#wordcount — That’s the Twitter hashtag for writers wishing to chronicle their cumulative daily word count. It’s not surprising such a hashtag exists. After all, setting a daily word count has become one of those near non-negotiable writing rules. Usually, that number is 1,000 words, give or take, with an appropriate “off day” here or there. Thanks to “professionals,” seminars, and how-to books, the Daily Word Count has become etched in stone, so to speak, as a necessary writerly discipline.
It’s led to all kinds of “helpful” tools, like free apps to track your daily word count, tips for achieving your daily word count, and even ways to DOUBLE your word count. Hooray!
Confession: I’ve never adhered to a daily word count for myself. Despite this, I’ve managed to complete three full-length novels (one as-yet unpublished), a short story anthology, and a novella. Not to mention publish well-over 1,100 blog articles. All while working outside the home 40 hours a week.
Of course, this may be evidence that I’m OCD. However, I’d like to think it just exposes the squishiness of the daily word count advice.
This is not to suggest that setting yourself a goal and working to achieve it is wrong. At its essence, this is what the Daily Word Count is supposed to do — prod you toward completion. Which is good. But like any “rule,” it can become a shadow of the original intent and shackle writers to the “letter of the law” rather than the “spirit of the law.” Not to mention, it doesn’t always respect or incorporate the uniqueness of our individual personalities and stations in life.
Here’s three things I’ve used to replace the Daily Word Count mantra in my reperatoire, which have made my writing more fluid and fun.
#1 — Focus on the number of projects you complete rather than daily word count. Perhaps it’s just me. Heck, it might just be hair-splitting. But looking at the big picture helps me better navigate the day-to-day. This probably doesn’t work for everybody. In my case, it allows for flexibility (which is key to my own creativity), rather than the “tyranny” of having to adhere to a regiment. Obviously, if you’re not “completing” ANYTHING, a daily word count might be good for you. I’ve personally found it’s better to focus on completing projects rather than choking out a predetermined number of words.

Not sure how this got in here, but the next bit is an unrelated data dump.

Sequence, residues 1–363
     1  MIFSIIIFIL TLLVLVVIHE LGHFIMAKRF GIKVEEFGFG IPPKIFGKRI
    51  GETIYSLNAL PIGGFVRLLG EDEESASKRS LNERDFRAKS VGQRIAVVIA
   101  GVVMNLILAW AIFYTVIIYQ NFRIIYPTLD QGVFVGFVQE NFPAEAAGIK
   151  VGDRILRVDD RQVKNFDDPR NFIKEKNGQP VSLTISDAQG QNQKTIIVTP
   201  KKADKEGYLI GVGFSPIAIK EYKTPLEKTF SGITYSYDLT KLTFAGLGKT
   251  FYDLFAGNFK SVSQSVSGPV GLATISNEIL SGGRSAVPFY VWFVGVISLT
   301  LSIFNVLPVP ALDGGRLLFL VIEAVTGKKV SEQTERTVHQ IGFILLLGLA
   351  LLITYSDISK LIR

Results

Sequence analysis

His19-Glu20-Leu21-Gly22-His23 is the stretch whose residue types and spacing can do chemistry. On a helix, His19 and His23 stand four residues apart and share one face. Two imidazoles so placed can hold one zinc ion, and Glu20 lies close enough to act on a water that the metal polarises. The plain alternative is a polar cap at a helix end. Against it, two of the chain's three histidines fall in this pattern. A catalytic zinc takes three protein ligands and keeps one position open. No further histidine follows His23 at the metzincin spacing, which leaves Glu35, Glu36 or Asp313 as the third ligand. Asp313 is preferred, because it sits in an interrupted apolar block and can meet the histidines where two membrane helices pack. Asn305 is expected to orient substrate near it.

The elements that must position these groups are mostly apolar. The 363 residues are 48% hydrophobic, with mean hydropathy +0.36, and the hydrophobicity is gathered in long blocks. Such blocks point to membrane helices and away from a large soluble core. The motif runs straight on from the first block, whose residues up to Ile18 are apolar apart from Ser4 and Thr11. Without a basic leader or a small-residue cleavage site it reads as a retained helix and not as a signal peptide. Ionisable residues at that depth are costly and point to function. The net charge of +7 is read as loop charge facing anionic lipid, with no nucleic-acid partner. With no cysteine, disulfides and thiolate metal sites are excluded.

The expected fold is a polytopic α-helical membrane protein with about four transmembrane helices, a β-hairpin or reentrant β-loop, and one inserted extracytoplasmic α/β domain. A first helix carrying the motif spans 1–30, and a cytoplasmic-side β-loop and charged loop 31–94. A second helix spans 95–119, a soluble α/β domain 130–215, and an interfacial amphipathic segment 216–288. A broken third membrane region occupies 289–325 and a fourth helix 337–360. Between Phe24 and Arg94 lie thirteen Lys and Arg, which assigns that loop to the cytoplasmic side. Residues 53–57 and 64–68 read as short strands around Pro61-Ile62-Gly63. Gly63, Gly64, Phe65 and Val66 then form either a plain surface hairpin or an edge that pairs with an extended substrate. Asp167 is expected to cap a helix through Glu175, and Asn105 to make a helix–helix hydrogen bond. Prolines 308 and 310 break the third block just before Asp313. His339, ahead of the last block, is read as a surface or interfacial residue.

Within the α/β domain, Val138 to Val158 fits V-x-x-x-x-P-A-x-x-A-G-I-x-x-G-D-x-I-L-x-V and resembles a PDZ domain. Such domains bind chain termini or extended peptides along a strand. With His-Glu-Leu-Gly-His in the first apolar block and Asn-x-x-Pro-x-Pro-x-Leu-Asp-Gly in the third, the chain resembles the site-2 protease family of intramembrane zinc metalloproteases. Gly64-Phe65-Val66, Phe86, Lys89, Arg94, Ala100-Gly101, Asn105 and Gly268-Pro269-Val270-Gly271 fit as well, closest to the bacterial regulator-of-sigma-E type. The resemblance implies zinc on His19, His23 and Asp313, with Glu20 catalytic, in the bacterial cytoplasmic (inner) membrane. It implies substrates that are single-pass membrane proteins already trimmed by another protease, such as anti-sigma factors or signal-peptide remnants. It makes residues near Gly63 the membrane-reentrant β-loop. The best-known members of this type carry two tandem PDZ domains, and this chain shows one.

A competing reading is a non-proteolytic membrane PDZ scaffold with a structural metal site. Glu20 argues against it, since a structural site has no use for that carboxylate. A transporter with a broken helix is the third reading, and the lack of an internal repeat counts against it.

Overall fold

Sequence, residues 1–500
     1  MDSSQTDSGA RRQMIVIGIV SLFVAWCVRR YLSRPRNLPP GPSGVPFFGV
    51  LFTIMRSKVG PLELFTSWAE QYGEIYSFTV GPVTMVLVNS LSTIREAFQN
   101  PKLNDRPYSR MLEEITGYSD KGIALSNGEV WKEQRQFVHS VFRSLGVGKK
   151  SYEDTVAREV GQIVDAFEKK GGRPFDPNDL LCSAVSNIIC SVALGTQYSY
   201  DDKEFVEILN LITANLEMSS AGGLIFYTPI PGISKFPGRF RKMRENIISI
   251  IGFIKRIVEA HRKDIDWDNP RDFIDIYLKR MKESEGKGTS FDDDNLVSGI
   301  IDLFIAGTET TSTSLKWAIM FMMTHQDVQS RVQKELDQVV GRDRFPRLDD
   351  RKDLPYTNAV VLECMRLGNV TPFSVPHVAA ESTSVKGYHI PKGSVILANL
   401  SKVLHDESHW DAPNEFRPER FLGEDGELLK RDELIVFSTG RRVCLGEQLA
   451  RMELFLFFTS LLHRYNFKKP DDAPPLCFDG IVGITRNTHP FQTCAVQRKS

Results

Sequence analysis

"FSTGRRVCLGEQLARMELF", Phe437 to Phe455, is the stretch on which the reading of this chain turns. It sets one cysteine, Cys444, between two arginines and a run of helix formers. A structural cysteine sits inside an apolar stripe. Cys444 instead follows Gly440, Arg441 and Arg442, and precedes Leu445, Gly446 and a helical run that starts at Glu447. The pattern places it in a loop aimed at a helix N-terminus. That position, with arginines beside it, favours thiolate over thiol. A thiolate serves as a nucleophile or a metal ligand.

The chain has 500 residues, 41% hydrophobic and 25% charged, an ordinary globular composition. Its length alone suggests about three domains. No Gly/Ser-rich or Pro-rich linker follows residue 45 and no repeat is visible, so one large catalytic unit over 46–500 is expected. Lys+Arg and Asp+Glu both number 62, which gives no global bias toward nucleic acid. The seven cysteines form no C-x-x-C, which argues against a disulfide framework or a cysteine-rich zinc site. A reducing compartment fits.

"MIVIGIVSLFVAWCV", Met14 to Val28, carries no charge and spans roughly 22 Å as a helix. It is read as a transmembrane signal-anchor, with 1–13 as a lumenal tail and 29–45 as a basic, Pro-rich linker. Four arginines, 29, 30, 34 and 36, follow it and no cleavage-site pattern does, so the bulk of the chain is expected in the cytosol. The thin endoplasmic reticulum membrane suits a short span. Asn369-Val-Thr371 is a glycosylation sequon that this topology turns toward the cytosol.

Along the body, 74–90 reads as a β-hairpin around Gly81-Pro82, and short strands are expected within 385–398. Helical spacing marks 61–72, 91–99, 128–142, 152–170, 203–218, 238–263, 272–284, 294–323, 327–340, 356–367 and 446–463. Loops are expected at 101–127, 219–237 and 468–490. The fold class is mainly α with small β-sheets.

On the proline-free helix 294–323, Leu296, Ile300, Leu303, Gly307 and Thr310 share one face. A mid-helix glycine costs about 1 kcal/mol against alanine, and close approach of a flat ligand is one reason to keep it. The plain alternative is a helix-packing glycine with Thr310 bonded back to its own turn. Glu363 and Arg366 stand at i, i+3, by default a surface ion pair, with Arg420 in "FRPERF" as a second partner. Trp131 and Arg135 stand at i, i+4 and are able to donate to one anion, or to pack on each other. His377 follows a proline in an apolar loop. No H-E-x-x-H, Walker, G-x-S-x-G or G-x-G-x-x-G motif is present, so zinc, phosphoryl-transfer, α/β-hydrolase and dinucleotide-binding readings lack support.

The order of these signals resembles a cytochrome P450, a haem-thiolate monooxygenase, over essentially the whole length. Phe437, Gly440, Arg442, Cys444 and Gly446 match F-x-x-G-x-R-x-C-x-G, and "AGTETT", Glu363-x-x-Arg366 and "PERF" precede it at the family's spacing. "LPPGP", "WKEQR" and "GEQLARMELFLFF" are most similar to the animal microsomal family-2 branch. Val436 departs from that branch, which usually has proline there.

#2 — Respect your station in life. Let’s face it, much of the professional advice out there is aimed at someone who’s pursuing a full-time writing career. In that case, having a daily word count makes sense. However, for those of us who work outside the home, raise children, care for a sick family member, etc., the Daily Word Count can seem a ball and chain. Sometime in 2011, while struggling to meet the deadline for my second novel, I experienced some weird health issues, one landing me in Urgent Care. This is embarrassing to admit, but it was diagnosed as stress related. It scared me, and led me to reevaluate my approach to writing. Bottom line: I had to give myself permission to NOT write. Not only was this refreshing, it improved the time that I DID write. Likewise, respecting your station in life, whether calling, career, or short-term circumstance, can be important to a realistic writing schedule.
#3 — Distinguish between cranking out words and honing ideas. No amount of words will make a bad idea better. I’m one of those oddball Plotters who needs to know where I’m going before I start up the car. As a result, I often write in fits and starts. When I reach a place in a manuscript with a plot hiccup or hole, I CANNOT just keep plowing forward. Sometimes, I must give myself a break from word count production to let an idea gestate or to do some research. Perhaps this is simply the difference between writing and editing. I tend to blur those lines either way. Point is, sometimes it’s not about getting words on a page, but honing ideas, characters, and plot elements.
As Pablo Picasso said, “Inspiration exists, but it has to find you working.” The bottom line issue is that writers write. You MUST get words on a page, inspiration must find you working, whether it’s by following a daily word count or ad-libbing. If adhering to a daily word count is not working for you, you might consider stepping back from your writing. Maybe it’s time to look at the bigger picture, readjust to your station in life, or simply give yourself the freedom to hone the story as opposed to bulking it up.